At the time of the original plans, officials hoped to open by the end of the 2015. However, plans have changed and construction should begin next month, ending just in time for 2016’s blockbuster season sometime in the spring, Solomon said.
“Right now, we are still fighting an uphill battle with construction costs,” he said. “We have not pulled the trigger even though our plan was, and is, to start in October.”
On Sept. 14, the Lewisville City Council unanimously approved an amended special-use permit for the theater, upgrading the theater from a five-screen venue to a six-screen venue.
“It has been great to work with all of the staff and elected officials in the city of Lewisville,” Solomon said. “They have been really first-class people to work with.”
“But [the new screen] isn’t the biggest change,” Solomon said. “It’s really the entrance that has changed.”
The entrance has moved down more into the middle of the property, further east on Midway Road, to improve traffic flow. The new plans also add an exit on Holford’s Prairie Road to ease traffic after movies end.
“Parkway Contractors had been working all summer preparing the site,” Solomon said at the council meeting. They hoped to start construction in early October to start next year.
Ferguson said he has seen “an avalanche of local interest” in the drive-in.
“The plans for the whole complex is just dynamite,” he said. “It has so much to offer, like entertainment that goes beyond movies such as live music.”
The best part of the drive-in, he said, is that the interest in the venue is far-reaching.
“I expect folks from several counties and, over time, more than a few states, to come sample Coyote, and many will return over and over,” he said. “It is like the roller coaster aficionados: Some will want to come just to say they have been to this drive-in. But I believe there is a solid long-term return crowd that will keep Coyote Drive-In thriving for decades.”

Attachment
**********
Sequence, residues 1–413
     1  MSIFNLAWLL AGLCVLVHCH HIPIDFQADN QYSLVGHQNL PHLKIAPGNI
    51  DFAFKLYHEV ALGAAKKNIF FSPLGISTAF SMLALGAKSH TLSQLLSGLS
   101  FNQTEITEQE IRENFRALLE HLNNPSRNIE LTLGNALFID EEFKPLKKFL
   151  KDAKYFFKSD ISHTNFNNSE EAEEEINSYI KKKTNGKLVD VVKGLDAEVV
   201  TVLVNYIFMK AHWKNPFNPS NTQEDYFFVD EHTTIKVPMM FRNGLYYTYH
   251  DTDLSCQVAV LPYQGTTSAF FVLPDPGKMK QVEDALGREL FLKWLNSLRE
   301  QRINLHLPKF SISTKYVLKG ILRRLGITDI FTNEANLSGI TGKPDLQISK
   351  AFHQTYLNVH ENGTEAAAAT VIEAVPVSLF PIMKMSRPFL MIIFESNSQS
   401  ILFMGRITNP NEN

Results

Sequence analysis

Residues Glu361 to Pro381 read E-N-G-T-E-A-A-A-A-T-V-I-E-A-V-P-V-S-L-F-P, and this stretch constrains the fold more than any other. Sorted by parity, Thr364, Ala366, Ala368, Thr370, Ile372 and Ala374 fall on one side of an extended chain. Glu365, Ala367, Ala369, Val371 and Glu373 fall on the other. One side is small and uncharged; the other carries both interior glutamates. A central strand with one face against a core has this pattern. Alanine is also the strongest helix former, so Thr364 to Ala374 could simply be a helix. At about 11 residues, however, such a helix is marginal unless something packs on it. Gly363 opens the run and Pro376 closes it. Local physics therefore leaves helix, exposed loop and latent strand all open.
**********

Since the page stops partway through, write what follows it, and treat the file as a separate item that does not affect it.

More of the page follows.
Ferguson, who has worked in retail site planning, said the drive-in could be a draw for other businesses to move into the area. But, he has not seen any specific plans for other developments yet, he said.
“It is fair to say that savvy developers constantly look at opportunities around the country, and their radar attuned particularly to emerging regional draws,” he said. “I can tell you successful retailers are already noticing the future potential of this location.”
Coyote representatives expect about 250,000 annual visitors to the Lewisville location, according to the Texan-Journal. The company expects 140 cars each weeknight and 750 cars each weekend night during summer months.
The Lewisville City Council unanimously approved the original special-use permit on Jan. 5 for a drive-in theater that would fit 1,500 cars on the property. The new plans show the theater can accommodate 1,711 cars.
The company plans to keep admission prices the same across locations: $8 for adults, $6 for children ages 4 to 10 and free for kids 3 and younger.
The theater will also have an open-air pavilion, a kids play area and a 10,000-square-foot restaurant. Beer and wine will be available in the restaurant.
The main difference between the Lewisville and Fort Worth locations will be that Lewisville will have an indoor, air-conditioned and heated space for the restaurant in addition to outdoor beer garden seating, Solomon said in January.
If you’ve driven around Old Town Lewisville in recent months, you may wonder what’s happening where the abandoned Piggly Wiggly once stood at 225 S. Charles St.
It’s the start of a move city officials are excited about. The homegrown Witherspoon Distillery is expanding its operations from its previous location at 545 N. Cowan Ave.
James Kunke, a spokesman for the city, said he’s also excited to see the work being done at the new location.
“They are giving a beautiful facelift to a building that has sat vacant for many years, and they will serve as another draw for visitors to historic Old Town Lewisville,” he said. “Witherspoon is a sponsor of Western Days and we all hope they will be able to open in time for the festival, but whenever they open it will be a great addition for the area.”
The 15,300-square-feet building was constructed in 1988. It’s divided almost equally in thirds for liquor production, barrel storage and the bar and retail area — with an additional outside sitting area of 4,000 square feet.
Construction is slated for completion by the Lewisville Western Days festival, Sept. 25- 26, said Quentin D. Witherspoon, master distiller and the namesake founder.